Small details sometimes mean little – at other times they contribute significantly to the meaning of a passage. In the familiar story of the Prodigal Son in Luke 15, a verb occurs twice that often is translated “get up” (NRSV, NASB) or “arise” (ESV, KJV). First in verse 18 when the son comes to his senses and says “I will arise and go to my father.” Then again in verse 20: “And arising, he went to his father.” This word in Greek (ἀνίστημι, anistēmi), is the common word for getting or standing up. However, it has a significant metaphorical usage for “getting up” or rising from the dead (Mk 8:31; 9:9f, 31; 10:34; 16:9; Lk 18:33; 24:7, 46; Jn 20:9; Ac 17:3; 1 Th 4:14). The name Anastasia comes from the Greek word for resurrection (ἀνάστασις, anastasis) which is derived from this verb.
This may seem like an incidental detail. However, when taken together with other features of this passage, a larger picture begins to emerge:
- Twice the father says that the son was “dead and has come back to life” (Lk 15:24; 32).
- Both of these statements from the Father come at the conclusion of the two major sections of the passage – the first concerning the younger son (vv. 11-24), the second the older (vv. 25-32)
- The son describes himself as “perishing” or “dying” in v. 17 (ἀπόλλυμαι, apollumai)
- The same verb is used in vv. 24 and 32 alongside the dead/alive contrast saying the son was perishing (“was lost”) but now is found.
Resurrection thus emerges as significant theme in this passage. The younger son is pictured as rising from the dead when he returns home, and the use of anistēmi underscores this, albeit in a subtle way. It is very possible that Jesus’ usage of the resurrection motif relates to Ezekiel 37, where the prophet Ezekiel sees a valley of dry bones which come back to life. Ezekiel is told that this resurrection metaphorically depicts the restoration of the nation of Israel when they return from their exile and captivity. We can see numerous parallels between Israel’s story of exile, and the Prodigal Son’s story:
- The son leaves home and lives in a foreign land, just as Israel was exiled in Babylon
- The son’s departure was related to dissolute living, just as Israel’s exile was related to sin
- The son’s occupation of feeding pigs, the stereotypical unclean animal, corresponds to Israel’s compromise with the manner of life characteristic of the Gentiles
- The son’s return is associated with a confession of sin.
- Israel is often depicted as God’s son (Ex 4:22; Jer 31:9; Hos 11:1)
Taken together, Jesus seems to be telling a story, not simply about resurrection from the dead, but Israel’s resurrection from the dead – of their restoration to God and as God’s people. So what does all this mean? Jesus tells the parables of the lost sheep, coin, and son in response to the Pharisees and Scribes grumbling about him eating with tax collectors and sinners (Lk 15:1-2), as eating with unclean social outcasts was a moral issue for them. This mention of eating is no small detail as the previous chapter has three parables about dining. Verse 15 makes explicit that these parables are about the Kingdom of God. The third parable (14:17-24), describes people who participate in a feast and others who do not, much like the older brother’s refusal to celebrate the return of the younger son, despite the father’s pleading.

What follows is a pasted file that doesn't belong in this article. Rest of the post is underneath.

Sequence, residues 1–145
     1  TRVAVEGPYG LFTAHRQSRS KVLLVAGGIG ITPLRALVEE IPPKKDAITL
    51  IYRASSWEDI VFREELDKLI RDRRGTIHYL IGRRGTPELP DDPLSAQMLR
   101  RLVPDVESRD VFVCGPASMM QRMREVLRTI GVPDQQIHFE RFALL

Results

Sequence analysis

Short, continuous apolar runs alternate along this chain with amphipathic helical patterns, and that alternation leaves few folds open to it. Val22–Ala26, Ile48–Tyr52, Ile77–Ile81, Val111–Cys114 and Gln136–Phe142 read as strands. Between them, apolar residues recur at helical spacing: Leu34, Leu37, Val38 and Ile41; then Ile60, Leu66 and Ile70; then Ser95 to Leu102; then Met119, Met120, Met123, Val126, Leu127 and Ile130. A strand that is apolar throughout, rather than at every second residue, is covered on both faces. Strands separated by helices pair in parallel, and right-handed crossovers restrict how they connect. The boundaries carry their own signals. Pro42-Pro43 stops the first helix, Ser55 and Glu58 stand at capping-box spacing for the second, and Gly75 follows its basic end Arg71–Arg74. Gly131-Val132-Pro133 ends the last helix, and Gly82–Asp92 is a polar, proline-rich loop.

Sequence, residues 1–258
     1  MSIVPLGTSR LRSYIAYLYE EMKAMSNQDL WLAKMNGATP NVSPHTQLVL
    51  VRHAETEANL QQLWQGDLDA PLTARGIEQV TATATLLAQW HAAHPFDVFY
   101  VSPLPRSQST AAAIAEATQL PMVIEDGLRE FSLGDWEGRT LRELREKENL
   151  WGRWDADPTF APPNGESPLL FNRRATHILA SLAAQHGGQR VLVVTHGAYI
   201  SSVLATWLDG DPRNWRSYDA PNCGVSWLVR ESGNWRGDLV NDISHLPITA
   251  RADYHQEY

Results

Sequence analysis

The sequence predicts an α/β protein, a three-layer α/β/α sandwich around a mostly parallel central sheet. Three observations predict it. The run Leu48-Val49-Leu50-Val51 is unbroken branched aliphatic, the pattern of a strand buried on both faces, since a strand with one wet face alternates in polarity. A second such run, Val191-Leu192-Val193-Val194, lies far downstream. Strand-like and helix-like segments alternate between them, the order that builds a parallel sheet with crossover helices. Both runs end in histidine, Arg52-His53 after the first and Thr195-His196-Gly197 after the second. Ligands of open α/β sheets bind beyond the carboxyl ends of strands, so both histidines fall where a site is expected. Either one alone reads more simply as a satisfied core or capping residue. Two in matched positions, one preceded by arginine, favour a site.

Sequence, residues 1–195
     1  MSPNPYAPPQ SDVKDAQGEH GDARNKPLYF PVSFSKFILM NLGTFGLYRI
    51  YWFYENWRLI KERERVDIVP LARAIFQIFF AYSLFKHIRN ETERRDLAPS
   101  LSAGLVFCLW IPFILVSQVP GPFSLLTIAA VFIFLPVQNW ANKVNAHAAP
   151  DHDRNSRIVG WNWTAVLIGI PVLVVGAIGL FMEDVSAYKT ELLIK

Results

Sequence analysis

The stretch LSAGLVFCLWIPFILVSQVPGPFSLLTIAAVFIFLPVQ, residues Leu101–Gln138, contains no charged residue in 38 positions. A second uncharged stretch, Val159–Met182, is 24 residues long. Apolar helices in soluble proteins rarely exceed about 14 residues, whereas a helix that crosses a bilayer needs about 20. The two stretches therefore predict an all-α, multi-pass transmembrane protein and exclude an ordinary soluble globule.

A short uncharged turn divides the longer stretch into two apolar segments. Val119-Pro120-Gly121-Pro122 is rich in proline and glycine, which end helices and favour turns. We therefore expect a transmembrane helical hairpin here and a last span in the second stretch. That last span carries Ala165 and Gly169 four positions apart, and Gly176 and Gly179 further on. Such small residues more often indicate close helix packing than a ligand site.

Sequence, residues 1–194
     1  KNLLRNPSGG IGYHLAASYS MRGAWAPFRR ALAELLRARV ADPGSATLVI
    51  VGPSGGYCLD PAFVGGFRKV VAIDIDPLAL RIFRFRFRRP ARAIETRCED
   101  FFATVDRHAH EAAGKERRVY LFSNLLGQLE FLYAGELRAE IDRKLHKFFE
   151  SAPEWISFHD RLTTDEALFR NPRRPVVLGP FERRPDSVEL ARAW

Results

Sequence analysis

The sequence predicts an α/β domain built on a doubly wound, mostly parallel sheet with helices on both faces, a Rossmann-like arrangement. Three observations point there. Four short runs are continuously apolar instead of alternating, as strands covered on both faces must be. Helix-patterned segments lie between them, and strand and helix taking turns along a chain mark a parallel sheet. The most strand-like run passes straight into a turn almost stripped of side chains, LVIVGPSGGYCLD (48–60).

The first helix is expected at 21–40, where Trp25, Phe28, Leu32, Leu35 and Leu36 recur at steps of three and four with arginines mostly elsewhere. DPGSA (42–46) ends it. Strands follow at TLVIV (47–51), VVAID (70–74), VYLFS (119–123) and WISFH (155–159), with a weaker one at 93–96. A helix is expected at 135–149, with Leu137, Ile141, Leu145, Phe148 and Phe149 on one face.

The point of this parable seems to be two-fold:
1) Jesus’ practice of eating with tax collectors and sinners was no less than the beginning of Israel’s long awaited “resurrection,” which in Jewish tradition, had implications of global justice and restoration (Is 42:4; 49:6; Ps 96). The restoration of all things would flow from a restoration of Israel as God’s agents of justice. This restoration program was beginning through Jesus, however with the least likely – the social and moral outcasts. Yet, as they repent, they become the recipients of God’s rejoicing acceptance and they take a central role in God’s Kingdom purpose of bringing justice and restoration to broken humanity.
2) As amazing as this is, the more pointed message is directed at the Scribes and Pharisees, who initially provoked this parable and to whom it is directed. They believed the “tax collectors and sinners” were excluded from God’s purposes because they failed to scrupulously follow the Pharisee’s moral and ritual code (which in some ways went well beyond the law recorded in Scripture, and in some ways ignored major parts it – cf. Matt. 23:23). They were not primarily trying to earn their way into God’s favor (just as talk of earning does not come up in this parable), but were drawing the boundary lines to show who were God’s people and who were not. By drawing the boundary lines in the way they did, they maintained the sense of their own superiority by excluding most everyone else, thus entirely missing the purpose of God’s people – to exist for the sake of those outside, rather than being against them.
Jesus is saying that just as the older brother refused to come to the celebration, the Pharisees, by drawing the boundary lines in the way they were by trying to exclude others whom God had already reconciled, actually were excluding themselves from being in God’s house, and participating in the restoration of Israel. By insisting on their elitist boundary lines, they were placing themselves outside of the people who would be the agents of God’s glad reconciliation and restoration for the whole world. God’s work of resurrection and new creation was beginning in and through Jesus but more than not noticing it, the Pharisees were definitively placing themselves outside of it – remaining in the field, in exile so to speak, when the whole family is returning home with rejoicing.